Anna Emilie Rink was born on Jan. 10, 1919, in Vienna. Her father, Ernst, owned a factory. Her mother, Marta (Haas) Rink, a homemaker, died of breast cancer when Anni was 10; two sisters also died from the disease. Her father died when she 17. The family was well off, and Anni was cared for by a household staff that included a chauffeur, a cook and a nanny.
She left Vienna in 1939, traveling by ship from Italy to Los Angeles.
“When she would tell of her escape from the Nazis,” her son Tobi said, “people would say how horrible and frightening it must have been to be torn from home and thrown as a young woman all alone into an unknown world. She always told people that on the contrary, she was leaving a sheltered and repressive world behind and embarking on a great adventure. She was going to America!”
In Los Angeles, Anni found work as an au pair and assistant to Christine Olden, a psychoanalyst who, like Anni, was from Austria, and attended the University of California, graduating with a bachelor’s degree in music. (She would later earn a master’s degree at the Bank Street College of Education.) Among the group of European expatriates who made up Dr. Olden’s circle was Peter Bergman, a Polish-born activist, publisher and writer who had worked to help people escape the Nazis. Anni and Peter fell in love and married soon after moving to New York in 1943.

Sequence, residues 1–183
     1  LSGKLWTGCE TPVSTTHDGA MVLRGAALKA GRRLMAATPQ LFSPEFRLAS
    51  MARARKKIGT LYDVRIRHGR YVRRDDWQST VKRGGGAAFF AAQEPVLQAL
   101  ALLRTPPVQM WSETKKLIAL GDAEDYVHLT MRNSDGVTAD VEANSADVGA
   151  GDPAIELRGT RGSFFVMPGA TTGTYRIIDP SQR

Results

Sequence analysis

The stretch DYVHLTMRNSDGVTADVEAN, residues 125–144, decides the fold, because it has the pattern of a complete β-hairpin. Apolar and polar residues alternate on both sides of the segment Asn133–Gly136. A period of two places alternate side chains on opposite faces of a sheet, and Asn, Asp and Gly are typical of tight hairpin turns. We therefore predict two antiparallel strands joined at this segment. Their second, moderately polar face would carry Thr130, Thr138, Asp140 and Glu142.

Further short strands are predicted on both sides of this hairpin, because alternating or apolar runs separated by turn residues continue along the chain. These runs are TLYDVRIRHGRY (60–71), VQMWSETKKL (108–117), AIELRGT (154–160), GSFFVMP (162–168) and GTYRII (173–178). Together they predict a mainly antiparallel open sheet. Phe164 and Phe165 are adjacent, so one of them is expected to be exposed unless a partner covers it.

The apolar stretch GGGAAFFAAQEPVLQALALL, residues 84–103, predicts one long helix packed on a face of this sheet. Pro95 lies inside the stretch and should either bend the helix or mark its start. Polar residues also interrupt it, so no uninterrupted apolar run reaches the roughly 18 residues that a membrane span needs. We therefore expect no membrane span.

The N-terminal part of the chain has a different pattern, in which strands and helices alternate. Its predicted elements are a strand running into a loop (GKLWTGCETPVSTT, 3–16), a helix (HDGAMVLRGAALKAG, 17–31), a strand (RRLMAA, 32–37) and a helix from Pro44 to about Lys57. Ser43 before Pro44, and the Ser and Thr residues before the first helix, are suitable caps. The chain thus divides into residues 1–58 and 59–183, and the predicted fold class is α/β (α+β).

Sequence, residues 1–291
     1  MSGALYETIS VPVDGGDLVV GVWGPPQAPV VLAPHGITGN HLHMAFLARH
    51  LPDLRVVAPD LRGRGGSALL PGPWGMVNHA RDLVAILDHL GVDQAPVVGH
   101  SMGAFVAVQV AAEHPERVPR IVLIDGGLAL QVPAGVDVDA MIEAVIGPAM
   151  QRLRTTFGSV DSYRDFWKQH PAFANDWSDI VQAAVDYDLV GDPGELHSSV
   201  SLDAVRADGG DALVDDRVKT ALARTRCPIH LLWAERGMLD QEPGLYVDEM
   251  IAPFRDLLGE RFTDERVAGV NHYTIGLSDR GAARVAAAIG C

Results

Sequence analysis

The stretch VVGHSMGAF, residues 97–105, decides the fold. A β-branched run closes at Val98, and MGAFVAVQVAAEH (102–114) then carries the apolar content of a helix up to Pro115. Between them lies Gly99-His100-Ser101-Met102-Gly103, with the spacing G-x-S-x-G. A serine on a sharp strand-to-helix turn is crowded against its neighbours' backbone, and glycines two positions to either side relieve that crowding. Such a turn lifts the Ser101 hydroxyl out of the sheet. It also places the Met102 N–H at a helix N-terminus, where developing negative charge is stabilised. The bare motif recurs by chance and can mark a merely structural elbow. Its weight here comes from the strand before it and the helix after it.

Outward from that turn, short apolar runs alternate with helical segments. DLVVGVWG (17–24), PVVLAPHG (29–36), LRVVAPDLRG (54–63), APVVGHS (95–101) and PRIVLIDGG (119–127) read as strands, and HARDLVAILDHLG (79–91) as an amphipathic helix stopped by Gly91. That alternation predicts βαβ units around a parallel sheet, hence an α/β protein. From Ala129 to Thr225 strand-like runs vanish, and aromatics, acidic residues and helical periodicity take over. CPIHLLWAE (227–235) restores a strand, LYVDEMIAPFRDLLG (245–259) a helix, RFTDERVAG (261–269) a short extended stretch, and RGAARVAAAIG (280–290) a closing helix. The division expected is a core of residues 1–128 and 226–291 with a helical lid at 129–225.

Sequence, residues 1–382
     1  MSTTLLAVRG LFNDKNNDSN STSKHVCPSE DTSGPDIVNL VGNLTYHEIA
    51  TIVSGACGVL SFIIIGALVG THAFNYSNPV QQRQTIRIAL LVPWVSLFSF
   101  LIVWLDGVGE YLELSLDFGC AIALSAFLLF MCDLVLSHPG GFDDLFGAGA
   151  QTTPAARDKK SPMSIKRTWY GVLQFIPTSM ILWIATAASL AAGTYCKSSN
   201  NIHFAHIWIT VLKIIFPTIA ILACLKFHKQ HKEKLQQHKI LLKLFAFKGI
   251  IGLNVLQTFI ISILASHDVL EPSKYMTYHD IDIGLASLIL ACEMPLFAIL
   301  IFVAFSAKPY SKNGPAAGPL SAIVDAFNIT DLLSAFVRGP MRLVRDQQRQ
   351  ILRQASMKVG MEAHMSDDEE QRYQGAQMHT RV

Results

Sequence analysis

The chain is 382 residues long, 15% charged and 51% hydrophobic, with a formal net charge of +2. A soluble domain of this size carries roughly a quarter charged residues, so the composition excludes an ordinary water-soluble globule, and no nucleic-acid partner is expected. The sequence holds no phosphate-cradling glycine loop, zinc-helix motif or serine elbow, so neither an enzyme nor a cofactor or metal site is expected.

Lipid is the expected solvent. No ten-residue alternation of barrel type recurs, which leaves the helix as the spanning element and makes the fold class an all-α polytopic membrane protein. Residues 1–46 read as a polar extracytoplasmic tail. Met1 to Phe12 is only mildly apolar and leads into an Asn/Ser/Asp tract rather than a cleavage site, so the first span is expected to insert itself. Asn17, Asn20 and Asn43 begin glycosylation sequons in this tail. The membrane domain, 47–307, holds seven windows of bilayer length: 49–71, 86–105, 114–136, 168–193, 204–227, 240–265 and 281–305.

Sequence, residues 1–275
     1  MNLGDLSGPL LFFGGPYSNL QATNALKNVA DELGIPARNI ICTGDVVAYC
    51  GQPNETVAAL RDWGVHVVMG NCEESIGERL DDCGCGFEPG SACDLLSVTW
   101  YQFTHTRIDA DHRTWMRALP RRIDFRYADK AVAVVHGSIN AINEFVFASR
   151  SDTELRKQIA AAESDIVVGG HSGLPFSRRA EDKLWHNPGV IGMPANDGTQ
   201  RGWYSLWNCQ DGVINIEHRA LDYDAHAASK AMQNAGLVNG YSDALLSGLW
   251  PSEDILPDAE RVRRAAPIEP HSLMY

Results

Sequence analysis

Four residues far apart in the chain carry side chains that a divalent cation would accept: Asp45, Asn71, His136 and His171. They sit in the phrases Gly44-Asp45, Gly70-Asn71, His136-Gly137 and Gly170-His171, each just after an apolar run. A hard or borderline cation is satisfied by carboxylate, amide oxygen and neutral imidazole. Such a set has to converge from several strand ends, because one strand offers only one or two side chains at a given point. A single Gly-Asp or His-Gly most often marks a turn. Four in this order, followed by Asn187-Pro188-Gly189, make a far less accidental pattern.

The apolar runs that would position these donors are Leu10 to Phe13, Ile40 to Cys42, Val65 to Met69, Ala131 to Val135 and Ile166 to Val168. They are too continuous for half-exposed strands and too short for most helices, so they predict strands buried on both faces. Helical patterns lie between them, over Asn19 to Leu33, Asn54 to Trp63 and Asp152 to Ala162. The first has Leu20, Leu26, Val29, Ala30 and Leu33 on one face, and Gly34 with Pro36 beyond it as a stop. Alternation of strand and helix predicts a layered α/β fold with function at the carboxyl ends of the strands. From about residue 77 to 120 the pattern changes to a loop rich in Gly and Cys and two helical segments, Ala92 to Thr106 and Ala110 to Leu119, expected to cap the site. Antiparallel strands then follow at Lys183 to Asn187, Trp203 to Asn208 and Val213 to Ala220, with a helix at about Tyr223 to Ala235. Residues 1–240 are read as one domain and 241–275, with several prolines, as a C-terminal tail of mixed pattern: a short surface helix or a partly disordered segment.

Anni worked as a music teacher at a progressive school in the East Village and co-wrote a children’s primer on playing the recorder. Peter opened a publishing company, the Polyglot Press, in a four-story brick townhouse in Chelsea. When he bought the building, the family moved in.
Dr. Bergman’s office was on the top floor, and she decorated it with zest and flair, with flower-patterned wallpaper, brightly colored textiles and shelves overflowing with books and other collections.
With its riot of colors and objects, being in her office “was like stepping into a magical world,” said Sebastian Zimmerman, a psychiatrist and photographer who included Dr. Bergman in “Fifty Shrinks,” his 2014 book of portraiture showing therapists in, as he put it, their natural habitats. Dr. Bergman explained that she had designed her office to be “a secluded world where the children have the complete freedom to express themselves and explore.”